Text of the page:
Monthly Archives: July 2011

What could be wrong with “shared sacrifices”?

In this column, Sheldon Richman drives a stake through the heart of Obama’s demagoguery about the need for “shared sacrifice” in dealing with out debt crisis. When Obama talks about “shared sacrifices” he means that productive people should be forced to give up more of their earnings. That’s a foolish and unjust idea. But whatContinue Reading

Government Will Have to Pay for 1/2 of all Health Care Costs By 2020

A new government report estimates that, ”Total health care spending is expected to nearly double to $4.6 trillion in 2020, from $2.6 trillion in 2010. Health care spending per capita is forecast to increase to $13,708 in 2020 from $8,327 in 2010.” These kinds of estimations are made annually, but this is the first report that attempted to estimate theContinue Reading

Policymakers’ reliance on credit ratings

A recent column by Deven Sharma, president of Standard & Poor’s in the Financial Times raises the question of what the appropriate role of independent credit ratings should be in  policy making. Specifically, should policymakers rely mostly or exclusively on credit ratings to determine policy choices and direction? According to Mr.Sharma, allowing the anticipated reactionsContinue Reading

Was Milton Friedman right about a corporation’s social responsibility?

The late economist Milton Friedman is known for having suggested that a corporation’s social responsibility is to increase profits, with the proviso “so long as it stays within the rules of the game, which is to say engage in open and free competition without deception or fraud.” Roy Cordato analyzed that argument during a LegacyContinue Reading

The Old Fed was bad enough….

In his Freeman column today, Sheldon Richman writes about the powers that Ben Bernanke now has, enabling the Fed not just to create money and credit, but to engage in its allocation. He quotes Professor Jeffrey Roger Hummel, who has been studying the Fed for a long time: “Central banking is the new central planning.”Continue Reading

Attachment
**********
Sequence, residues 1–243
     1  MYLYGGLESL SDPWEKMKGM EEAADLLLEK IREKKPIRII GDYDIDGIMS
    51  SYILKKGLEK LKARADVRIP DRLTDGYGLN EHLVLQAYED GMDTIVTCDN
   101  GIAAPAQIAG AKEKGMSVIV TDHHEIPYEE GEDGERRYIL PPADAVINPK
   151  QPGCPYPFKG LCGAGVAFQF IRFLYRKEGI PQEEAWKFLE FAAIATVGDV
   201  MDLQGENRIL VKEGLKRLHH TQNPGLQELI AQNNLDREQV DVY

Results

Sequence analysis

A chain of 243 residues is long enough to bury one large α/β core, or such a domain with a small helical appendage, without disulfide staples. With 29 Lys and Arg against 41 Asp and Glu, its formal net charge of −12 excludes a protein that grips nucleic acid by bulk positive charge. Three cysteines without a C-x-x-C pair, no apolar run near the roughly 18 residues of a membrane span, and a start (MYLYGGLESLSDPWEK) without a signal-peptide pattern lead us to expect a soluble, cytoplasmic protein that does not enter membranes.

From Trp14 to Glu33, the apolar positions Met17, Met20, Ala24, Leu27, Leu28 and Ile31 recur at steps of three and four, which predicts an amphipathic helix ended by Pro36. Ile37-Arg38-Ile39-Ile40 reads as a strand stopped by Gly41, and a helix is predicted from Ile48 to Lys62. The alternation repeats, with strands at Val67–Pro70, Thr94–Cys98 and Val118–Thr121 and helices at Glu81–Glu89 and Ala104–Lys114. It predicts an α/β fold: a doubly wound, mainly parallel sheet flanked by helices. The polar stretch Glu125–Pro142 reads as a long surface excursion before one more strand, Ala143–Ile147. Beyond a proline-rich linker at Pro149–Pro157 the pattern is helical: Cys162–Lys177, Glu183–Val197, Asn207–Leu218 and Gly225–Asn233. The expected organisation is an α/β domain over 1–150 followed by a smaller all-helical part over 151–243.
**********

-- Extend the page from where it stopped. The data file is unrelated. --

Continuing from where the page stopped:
York says only one side has shown a willingness to compromise

Byron York‘s latest Washington Examiner article explores the relative willingness of Republicans and Democrats to compromise in the debt-limit debate. For the Tea Party Republicans who make up a significant part of the House GOP caucus, Boehner’s proposal is a significant retreat from “Cut, Cap and Balance.” Those who support the Boehner proposal, which isContinue Reading

Coburn’s history explored

Many conservatives have been scratching their heads as Oklahoma Sen. Tom Coburn has embraced the possibility of tax increases to help deal with the federal debt-limit dilemma. In profiling Coburn, the latest Newsweek reminds conservative readers of better days. In the autumn of 2005, before he’d been in the Senate a year, Coburn took toContinue Reading

Interesting thoughts from Juan Williams

Former John Locke Foundation Headliner Juan Williams offers Newsweek some thoughts about his association with Fox News and his liberal friends’ openness to opposing views. Have you taken heat from African-Americans who find you not “liberal” enough? People say, “Why are you airing dirty laundry? Why are you being supportive of a Bill Cosby?” DoContinue Reading